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#70
animal310

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I can’t see games Workshop getting into airbrushes essentially because if it’s a brush with aerosol propellant it will be as useful as the testers ones which are terrible, and if they have manufacturing room issues with just molds I can’t see them manufacturing airbrush compressors either.


But they won’t manufacture it, it will probably be a rebrand of an existing airbrush.

#71
Arkhanist

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I don't think it will be actual dip like Army Painter, it's basically woodstain in a tin. Given the need for everything to be suitable for like, 10 year olds, I just can't see them shipping a mainstream product aimed somewhat at novices that needs white spirit or other toxic solvent to clean up.

 

Airbrush? Already a competitive market and not simple to manufacture. A rebrand, maybe. But what has that got to do with 'Contrast', really? Nor does it particularly speed up painting compared to rattle cans for priming/base coating. Sure, it's dead handy for use at night or in crappy weather and I love mine to bits for the funky stuff you can do, but with cleaning and setup I'm probably slower with an airbrush than not. (Imperial Fists players excepted!)

 

It's not coloured or pre-painted minis - Gw have already said on social media that it's something brand new for your painting arsenal.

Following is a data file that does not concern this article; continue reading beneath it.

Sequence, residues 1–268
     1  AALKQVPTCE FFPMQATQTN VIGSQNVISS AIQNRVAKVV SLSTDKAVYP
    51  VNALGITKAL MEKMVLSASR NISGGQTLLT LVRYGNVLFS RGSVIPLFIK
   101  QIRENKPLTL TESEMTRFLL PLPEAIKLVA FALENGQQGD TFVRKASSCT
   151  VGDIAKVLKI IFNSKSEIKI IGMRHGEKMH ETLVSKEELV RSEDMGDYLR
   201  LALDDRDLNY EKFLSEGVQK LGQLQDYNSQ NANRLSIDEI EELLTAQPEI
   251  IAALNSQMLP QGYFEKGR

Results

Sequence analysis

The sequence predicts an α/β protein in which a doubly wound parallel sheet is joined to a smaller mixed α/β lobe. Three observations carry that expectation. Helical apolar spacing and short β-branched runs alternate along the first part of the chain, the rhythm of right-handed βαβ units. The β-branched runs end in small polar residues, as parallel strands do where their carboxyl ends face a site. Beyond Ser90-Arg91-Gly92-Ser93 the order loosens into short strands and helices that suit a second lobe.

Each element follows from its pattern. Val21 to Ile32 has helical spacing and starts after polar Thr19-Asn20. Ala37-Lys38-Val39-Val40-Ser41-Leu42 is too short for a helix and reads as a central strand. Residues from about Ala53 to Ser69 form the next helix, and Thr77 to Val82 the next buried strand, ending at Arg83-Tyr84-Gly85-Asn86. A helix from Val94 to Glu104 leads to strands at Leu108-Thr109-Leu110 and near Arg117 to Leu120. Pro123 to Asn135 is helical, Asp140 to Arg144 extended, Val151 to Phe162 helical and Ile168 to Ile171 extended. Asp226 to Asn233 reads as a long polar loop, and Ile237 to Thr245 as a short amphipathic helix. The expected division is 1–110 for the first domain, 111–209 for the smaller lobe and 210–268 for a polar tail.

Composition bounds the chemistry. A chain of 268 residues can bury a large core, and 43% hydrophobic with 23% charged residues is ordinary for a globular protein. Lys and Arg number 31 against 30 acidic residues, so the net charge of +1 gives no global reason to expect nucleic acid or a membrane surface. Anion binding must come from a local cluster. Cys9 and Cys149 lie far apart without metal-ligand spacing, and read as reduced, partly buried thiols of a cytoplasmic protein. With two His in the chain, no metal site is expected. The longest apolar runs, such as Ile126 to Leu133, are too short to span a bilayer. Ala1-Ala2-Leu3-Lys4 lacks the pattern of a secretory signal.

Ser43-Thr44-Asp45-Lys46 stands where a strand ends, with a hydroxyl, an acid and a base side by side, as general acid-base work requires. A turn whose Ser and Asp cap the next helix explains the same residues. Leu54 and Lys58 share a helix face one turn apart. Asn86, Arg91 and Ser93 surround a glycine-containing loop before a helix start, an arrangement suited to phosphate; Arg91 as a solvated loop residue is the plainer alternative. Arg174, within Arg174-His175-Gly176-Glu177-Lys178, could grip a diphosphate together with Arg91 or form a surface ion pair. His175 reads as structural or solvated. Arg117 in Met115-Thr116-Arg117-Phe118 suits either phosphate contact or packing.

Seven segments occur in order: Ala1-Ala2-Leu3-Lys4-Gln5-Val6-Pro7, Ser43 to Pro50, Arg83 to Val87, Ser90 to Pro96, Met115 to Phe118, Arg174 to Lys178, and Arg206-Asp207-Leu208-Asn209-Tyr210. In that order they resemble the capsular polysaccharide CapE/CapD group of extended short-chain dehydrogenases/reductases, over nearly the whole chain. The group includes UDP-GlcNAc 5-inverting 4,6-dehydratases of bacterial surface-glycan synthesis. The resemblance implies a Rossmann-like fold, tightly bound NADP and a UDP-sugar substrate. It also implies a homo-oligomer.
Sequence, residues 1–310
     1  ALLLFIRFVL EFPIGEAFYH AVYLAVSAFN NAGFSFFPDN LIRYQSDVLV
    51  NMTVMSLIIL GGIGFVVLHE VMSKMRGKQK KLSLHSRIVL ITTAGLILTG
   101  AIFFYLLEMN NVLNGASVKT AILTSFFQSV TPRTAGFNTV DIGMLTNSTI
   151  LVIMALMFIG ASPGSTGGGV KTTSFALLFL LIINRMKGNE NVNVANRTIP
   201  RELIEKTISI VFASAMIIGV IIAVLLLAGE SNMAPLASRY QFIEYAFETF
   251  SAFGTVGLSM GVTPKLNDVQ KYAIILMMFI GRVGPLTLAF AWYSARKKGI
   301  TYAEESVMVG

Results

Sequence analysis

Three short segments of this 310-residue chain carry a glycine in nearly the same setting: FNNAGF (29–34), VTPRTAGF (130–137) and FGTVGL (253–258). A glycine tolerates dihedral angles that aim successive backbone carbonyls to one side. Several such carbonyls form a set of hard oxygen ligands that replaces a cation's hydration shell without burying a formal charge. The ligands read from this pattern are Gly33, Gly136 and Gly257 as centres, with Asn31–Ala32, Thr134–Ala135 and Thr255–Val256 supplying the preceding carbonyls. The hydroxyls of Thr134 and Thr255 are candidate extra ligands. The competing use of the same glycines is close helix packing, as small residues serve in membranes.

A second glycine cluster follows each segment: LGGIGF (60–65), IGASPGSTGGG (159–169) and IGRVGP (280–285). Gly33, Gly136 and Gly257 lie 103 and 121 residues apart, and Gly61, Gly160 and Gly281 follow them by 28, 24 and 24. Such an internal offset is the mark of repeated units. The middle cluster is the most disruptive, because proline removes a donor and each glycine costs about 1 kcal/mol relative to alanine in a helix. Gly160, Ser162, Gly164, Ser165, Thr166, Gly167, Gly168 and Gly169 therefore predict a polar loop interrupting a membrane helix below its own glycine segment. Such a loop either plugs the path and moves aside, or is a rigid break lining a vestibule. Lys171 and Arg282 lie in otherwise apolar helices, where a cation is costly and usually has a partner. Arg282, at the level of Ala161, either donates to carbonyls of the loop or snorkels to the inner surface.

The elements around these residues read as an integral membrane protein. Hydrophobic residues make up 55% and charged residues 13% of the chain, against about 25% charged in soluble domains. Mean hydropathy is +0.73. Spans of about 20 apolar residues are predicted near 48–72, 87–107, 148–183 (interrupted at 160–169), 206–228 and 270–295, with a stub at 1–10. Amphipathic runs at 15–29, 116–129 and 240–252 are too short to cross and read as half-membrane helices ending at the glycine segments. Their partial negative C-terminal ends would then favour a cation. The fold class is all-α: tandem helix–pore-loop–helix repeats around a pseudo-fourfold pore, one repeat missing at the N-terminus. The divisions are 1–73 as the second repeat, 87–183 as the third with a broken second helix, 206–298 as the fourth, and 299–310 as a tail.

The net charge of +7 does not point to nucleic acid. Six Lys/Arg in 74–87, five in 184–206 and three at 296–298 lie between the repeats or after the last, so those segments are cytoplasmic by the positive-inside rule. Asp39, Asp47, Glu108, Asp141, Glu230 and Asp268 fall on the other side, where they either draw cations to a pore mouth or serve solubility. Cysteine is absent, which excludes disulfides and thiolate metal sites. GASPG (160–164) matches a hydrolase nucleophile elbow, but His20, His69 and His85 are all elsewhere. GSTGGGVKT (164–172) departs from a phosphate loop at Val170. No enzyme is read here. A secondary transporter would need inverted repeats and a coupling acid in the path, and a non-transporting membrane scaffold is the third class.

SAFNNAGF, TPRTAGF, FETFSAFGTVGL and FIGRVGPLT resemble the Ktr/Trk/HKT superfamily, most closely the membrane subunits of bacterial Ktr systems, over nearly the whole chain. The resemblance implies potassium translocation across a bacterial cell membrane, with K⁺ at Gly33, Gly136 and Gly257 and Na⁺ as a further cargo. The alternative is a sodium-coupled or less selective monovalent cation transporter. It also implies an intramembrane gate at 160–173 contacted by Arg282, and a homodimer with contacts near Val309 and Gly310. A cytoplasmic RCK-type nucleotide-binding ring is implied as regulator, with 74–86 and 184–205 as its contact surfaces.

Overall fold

Paint pens, I could see, but again, does it fit the emphasis on 'contrast'? Almost sounds like it might be a range name: 'all new, Abbadon Contrast'. Which is why I keep circling back to a dip-a-like. So one thought did occur to me - clay washes. They're water based, non toxic, but the key thing is they're reactivated with water. So you slop it where you want or airbrush it on, let it dry, then wipe the surfaces off with a damp tissue/cotton bud/sponge. The clay wash stays in the crevices, and bingo, easy pin washing. Rub off less? Nice dingy weathering.

 

Screw it up? Add more water and wash it off completely, try again. I have a couple aimed at historical modellers (flory models wash) and they're perfect for tanks and planes. It works really nicely for adding contrasts to rubble bases too. I haven't tried it on space marines yet, but I'm certainly going to when I paint some non black ones. 

 

They could even sell a heavily overpriced sponge on a stick to wipe it off with.


Edited by Arkhanist, 25 April 2019 - 10:09 PM.

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#72
DutyBeforeAll

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If they do an airbrush hopefully they’ll do an entire airbrush ready paint range.

#73
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They've made their own "airbrush" before and it was good awful garbage. It looked like a Hand Flamer. Horrible.
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#74
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They've made their own "airbrush" before and it was good awful garbage. It looked like a Hand Flamer. Horrible.


Rumor is, it's a contract with badger air brushes
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#75
ERJAK

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If they do an airbrush hopefully they’ll do an entire airbrush ready paint range.


They...already have that.